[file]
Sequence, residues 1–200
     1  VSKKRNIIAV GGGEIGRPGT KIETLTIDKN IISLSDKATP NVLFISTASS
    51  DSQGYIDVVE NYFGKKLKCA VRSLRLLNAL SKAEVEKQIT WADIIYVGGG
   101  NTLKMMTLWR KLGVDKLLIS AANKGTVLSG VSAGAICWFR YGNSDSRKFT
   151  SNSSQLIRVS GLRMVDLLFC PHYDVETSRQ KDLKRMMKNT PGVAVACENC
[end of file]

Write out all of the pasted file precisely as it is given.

Sequence, residues 1–200
     1  VSKKRNIIAV GGGEIGRPGT KIETLTIDKN IISLSDKATP NVLFISTASS
    51  DSQGYIDVVE NYFGKKLKCA VRSLRLLNAL SKAEVEKQIT WADIIYVGGG
   101  NTLKMMTLWR KLGVDKLLIS AANKGTVLSG VSAGAICWFR YGNSDSRKFT
   151  SNSSQLIRVS GLRMVDLLFC PHYDVETSRQ KDLKRMMKNT PGVAVACENC